From 1 December 2013 ezetimibe and atorvastatin composite pack* (Atozet) can be prescribed on the PBS.

This is an Authority required (Streamlined) listing for the treatment of hypercholesterolaemia, in combination with dietary therapy and exercise, in patients whose cholesterol levels are inadequately controlled by a statin and who also have one or more of the following conditions:1

  • hypertension
  • coronary heart disease (or a family history)
  • diabetes
  • peripheral vascular disease
  • heterozygous familial hypercholesterolaemia
  • cerebrovascular disease.

* This fixed-dose combination (FDC) product contains two individual tablets in composite packaging. This is different from an FDC containing two or more active medicines in a single dosage form.

The composite pack contains 30 tablets ezetimibe 10 mg, and 30 tablets atorvastatin 10, 20, 40 or 80 mg.

To fulfil the clinical criteria for inadequate control with a statin the patient must have been treated for at least 3 months at a maximum tolerated dose of the statin in conjunction with dietary therapy and exercise and also have:

  • a cholesterol level greater than the initial threshold for PBS subsidy as set out in the General Statement for Lipid-Lowering Drugs2 for patients assessed according to the Statement as not in a very-high-risk category, or
  • a cholesterol level in excess of 4 mmol/L for patients assessed according to the General Statement for Lipid-Lowering Drugs2 as in a very-high-risk category.

For patients qualifying according to either of the above criteria, the dose and duration of statin treatment and the cholesterol level that shows inadequate control must be documented in the patient's medical records. The documentation must be no more than 2 months old when ezetimibe with atorvastatin (Azotet) is started.

The PBAC recommended the listing on a cost-minimisation basis compared with corresponding doses of ezetimibe and atorvastatin taken separately.1

Poor adherence with lipid-lowering therapy is associated with increased cardiac events,3 and cardiovascular morbidity and mortality.4,5 Although FDC products comprising two or more active medicines in a single dosage form are associated with a significant improvement in adherence,6-8 improved adherence with composite packs has not been demonstrated.

The composite pack includes dosing instructions and a calendar to indicate the day each dose is to be taken, on the inner packaging. There is some evidence to show reminder packaging improves clinical targets such as blood pressure.9

Reinforcing and reminding patients about their medical treatment may represent a simple method for improving adherence in patients with hypercholesterolaemia.10 There is no evidence of additional clinical or adherence benefit to be gained from using the composite pack formulation over concomitant use of ezetimibe and atorvastatin taken separately.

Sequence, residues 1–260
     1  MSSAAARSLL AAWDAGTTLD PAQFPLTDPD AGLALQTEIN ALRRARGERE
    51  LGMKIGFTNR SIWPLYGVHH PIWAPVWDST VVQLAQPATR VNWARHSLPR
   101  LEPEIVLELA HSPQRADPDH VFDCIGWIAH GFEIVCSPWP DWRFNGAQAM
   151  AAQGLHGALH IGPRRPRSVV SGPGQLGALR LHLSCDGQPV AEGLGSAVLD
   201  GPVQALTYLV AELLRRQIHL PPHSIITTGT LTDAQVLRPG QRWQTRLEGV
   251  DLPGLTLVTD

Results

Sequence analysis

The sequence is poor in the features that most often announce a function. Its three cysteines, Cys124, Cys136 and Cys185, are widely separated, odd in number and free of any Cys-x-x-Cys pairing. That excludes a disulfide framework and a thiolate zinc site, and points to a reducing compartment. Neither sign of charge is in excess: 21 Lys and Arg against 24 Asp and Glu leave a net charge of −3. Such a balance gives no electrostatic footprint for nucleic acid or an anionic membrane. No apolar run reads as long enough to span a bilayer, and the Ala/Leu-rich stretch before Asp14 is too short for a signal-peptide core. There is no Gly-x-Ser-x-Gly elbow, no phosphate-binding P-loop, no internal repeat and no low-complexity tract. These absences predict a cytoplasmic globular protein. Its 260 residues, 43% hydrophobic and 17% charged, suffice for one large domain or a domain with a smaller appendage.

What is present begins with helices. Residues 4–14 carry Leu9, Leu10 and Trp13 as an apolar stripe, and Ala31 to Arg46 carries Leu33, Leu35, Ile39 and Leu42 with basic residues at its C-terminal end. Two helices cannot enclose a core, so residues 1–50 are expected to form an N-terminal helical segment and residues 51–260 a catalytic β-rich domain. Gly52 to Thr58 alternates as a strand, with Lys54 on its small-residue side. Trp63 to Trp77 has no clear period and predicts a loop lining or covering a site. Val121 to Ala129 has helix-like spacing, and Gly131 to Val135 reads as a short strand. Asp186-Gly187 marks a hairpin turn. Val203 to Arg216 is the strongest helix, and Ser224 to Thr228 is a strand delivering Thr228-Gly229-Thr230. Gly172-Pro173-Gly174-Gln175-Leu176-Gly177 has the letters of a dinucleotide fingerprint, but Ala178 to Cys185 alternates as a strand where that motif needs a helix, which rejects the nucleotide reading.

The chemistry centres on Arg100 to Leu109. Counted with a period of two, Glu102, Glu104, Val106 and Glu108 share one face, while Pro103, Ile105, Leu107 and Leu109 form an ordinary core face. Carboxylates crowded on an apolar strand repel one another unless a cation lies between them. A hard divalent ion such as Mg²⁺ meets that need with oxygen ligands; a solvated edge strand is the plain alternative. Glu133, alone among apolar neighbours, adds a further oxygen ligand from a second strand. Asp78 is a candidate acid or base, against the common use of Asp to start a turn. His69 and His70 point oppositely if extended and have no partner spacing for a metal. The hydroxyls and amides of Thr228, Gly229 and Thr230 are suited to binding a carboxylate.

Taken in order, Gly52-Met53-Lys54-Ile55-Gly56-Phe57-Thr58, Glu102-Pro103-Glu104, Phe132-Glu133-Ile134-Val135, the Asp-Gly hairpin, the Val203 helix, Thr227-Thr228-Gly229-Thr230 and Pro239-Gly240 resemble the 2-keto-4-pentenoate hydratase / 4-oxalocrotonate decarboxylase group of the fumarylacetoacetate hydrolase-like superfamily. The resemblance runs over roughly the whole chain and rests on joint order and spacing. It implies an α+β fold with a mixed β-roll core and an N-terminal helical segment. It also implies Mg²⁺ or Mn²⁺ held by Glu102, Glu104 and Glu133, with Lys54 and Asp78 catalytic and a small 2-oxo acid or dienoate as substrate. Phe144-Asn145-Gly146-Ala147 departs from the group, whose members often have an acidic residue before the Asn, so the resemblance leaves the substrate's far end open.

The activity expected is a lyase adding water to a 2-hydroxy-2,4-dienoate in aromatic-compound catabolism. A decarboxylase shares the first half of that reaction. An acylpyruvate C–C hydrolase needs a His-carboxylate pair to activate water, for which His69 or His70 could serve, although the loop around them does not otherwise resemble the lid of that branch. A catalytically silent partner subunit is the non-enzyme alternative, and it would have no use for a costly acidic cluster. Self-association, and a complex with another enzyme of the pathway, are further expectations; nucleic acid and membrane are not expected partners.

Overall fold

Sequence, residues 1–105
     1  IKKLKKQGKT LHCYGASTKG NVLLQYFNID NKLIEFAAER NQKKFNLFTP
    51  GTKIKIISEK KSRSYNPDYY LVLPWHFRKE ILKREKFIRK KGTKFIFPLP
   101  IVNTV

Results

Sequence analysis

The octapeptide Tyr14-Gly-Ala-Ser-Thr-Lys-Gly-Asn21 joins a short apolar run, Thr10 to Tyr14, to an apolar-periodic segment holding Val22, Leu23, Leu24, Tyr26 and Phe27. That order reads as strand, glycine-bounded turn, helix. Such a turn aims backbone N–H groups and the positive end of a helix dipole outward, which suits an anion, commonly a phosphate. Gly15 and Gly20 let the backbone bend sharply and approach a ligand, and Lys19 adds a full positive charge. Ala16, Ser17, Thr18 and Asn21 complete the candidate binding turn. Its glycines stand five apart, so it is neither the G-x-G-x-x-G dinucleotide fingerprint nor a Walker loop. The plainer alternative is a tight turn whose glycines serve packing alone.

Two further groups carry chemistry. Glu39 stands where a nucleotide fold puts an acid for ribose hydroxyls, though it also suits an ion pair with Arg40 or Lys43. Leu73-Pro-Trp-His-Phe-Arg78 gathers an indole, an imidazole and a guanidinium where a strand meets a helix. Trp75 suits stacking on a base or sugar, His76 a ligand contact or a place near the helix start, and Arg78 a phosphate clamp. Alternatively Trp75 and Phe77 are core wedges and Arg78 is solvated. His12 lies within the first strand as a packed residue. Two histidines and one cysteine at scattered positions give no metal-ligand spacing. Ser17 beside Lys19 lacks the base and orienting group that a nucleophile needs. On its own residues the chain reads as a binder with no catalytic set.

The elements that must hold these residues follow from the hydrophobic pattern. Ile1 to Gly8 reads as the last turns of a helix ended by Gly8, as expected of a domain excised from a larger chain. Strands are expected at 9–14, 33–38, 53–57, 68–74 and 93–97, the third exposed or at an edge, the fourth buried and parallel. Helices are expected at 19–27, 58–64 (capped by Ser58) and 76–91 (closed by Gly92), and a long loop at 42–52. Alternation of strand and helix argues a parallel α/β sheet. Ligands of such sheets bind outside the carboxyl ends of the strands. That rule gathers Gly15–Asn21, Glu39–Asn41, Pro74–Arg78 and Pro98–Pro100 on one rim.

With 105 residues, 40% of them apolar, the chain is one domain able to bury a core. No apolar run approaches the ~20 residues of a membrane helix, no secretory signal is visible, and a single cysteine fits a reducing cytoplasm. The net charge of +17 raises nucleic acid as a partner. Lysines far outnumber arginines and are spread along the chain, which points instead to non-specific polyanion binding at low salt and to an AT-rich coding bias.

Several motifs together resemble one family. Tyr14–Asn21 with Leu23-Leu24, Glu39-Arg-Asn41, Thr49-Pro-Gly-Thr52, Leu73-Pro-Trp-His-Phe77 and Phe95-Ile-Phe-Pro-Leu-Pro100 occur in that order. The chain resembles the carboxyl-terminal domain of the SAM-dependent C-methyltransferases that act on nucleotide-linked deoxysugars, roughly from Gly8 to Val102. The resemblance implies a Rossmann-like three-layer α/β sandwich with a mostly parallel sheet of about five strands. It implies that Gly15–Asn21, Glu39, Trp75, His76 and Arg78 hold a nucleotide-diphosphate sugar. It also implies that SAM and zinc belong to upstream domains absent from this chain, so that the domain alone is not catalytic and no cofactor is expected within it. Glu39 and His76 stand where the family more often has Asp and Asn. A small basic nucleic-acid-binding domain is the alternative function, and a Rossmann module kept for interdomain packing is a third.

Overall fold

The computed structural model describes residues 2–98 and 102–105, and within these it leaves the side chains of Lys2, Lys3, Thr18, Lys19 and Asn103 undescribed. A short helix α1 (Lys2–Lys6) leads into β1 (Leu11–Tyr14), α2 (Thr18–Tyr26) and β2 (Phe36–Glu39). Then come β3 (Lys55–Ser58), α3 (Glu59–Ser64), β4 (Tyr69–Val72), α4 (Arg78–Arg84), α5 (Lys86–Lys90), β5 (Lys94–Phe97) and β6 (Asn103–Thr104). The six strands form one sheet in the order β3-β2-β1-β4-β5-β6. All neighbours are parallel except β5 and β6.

May be prescribed by nurse practitioners as continuing therapy only

Authorised nurse practitioners may prescribe this medicine. See the PBS website for more information on nurse practitioner PBS prescribing.

Place in therapy

When is the composite pack of ezetimibe with atorvastatin an appropriate choice?

When patients meet the above criteria, the composite pack is a convenient alternative to the individual components being used together, or a way to start step-up treatment with ezetimibe.

Switching to the composite pack

There is a risk of overdosing if patients take the medicines in this composite pack in addition to the separate medicines that the composite pack replaces, or under-dosing if patients take only one tablet per day from the composite pack. Ensure that patients and carers know the name and dose of the active ingredients, and which medicines are being replaced by the composite product.

Explain that:

  • the individual products are no longer required
  • each package contains two different medicines and that both tablets need to be taken daily
  • the risk of errors is reduced by returning unneeded medicines to a pharmacy for safe disposal.


  1. Australian Government Department of Health and Ageing. July 2013 PBAC Outcomes – Positive Recommendations. 2013. .
  2. Australian Government Department of Health and Ageing. General Statement for Lipid-Lowering Drugs Prescribed as Pharmaceutical Benefits. 2012. (accessed 1 October 2013).
  3. Bouchard MH, Dragomir A, Blais L, et al. Impact of adherence to statins on coronary artery disease in primary prevention. Br J Clin Pharmacol 2007;63:698–708. [PubMed]
  4. Hilleman DE, Monaghan MS, Ashby CL, et al. Physician-prompting statin therapy intervention improves outcomes in patients with coronary heart disease. Pharmacotherapy 2001;21:1415–21. [PubMed]
  5. Anon. Compliance and adverse event withdrawal: their impact on the West of Scotland Coronary Prevention Study. Eur Heart J 1997;18:1718–24. [PubMed] .
  6. Gupta AK, Arshad S, Poulter NR. Compliance, safety, and effectiveness of fixed-dose combinations of antihypertensive agents: a meta-analysis. Hypertension 2010;55:399–407. [PubMed]
  7. Bangalore S, Kamalakkannan G, Parkar S, et al. Fixed-dose combinations improve medication compliance: a meta-analysis. Am J Med 2007;120:713–9. [PubMed]
  8. Simons LA, Ortiz M, Calcino G. Persistence with a single pill versus two pills of amlodipine and atorvastatin: the Australian experience, 2006-2010. Med J Aust 2011;195:134–7. [PubMed]
  9. Mahtani KR, Heneghan CJ, Glasziou PP, et al. Reminder packaging for improving adherence to self-administered long-term medications. Cochrane Database Syst Rev 2011:CD005025. [PubMed]
  10. Schedlbauer A, Davies P, Fahey T. Interventions to improve adherence to lipid lowering medication. Cochrane Database Syst Rev 2010:CD004371. [PubMed]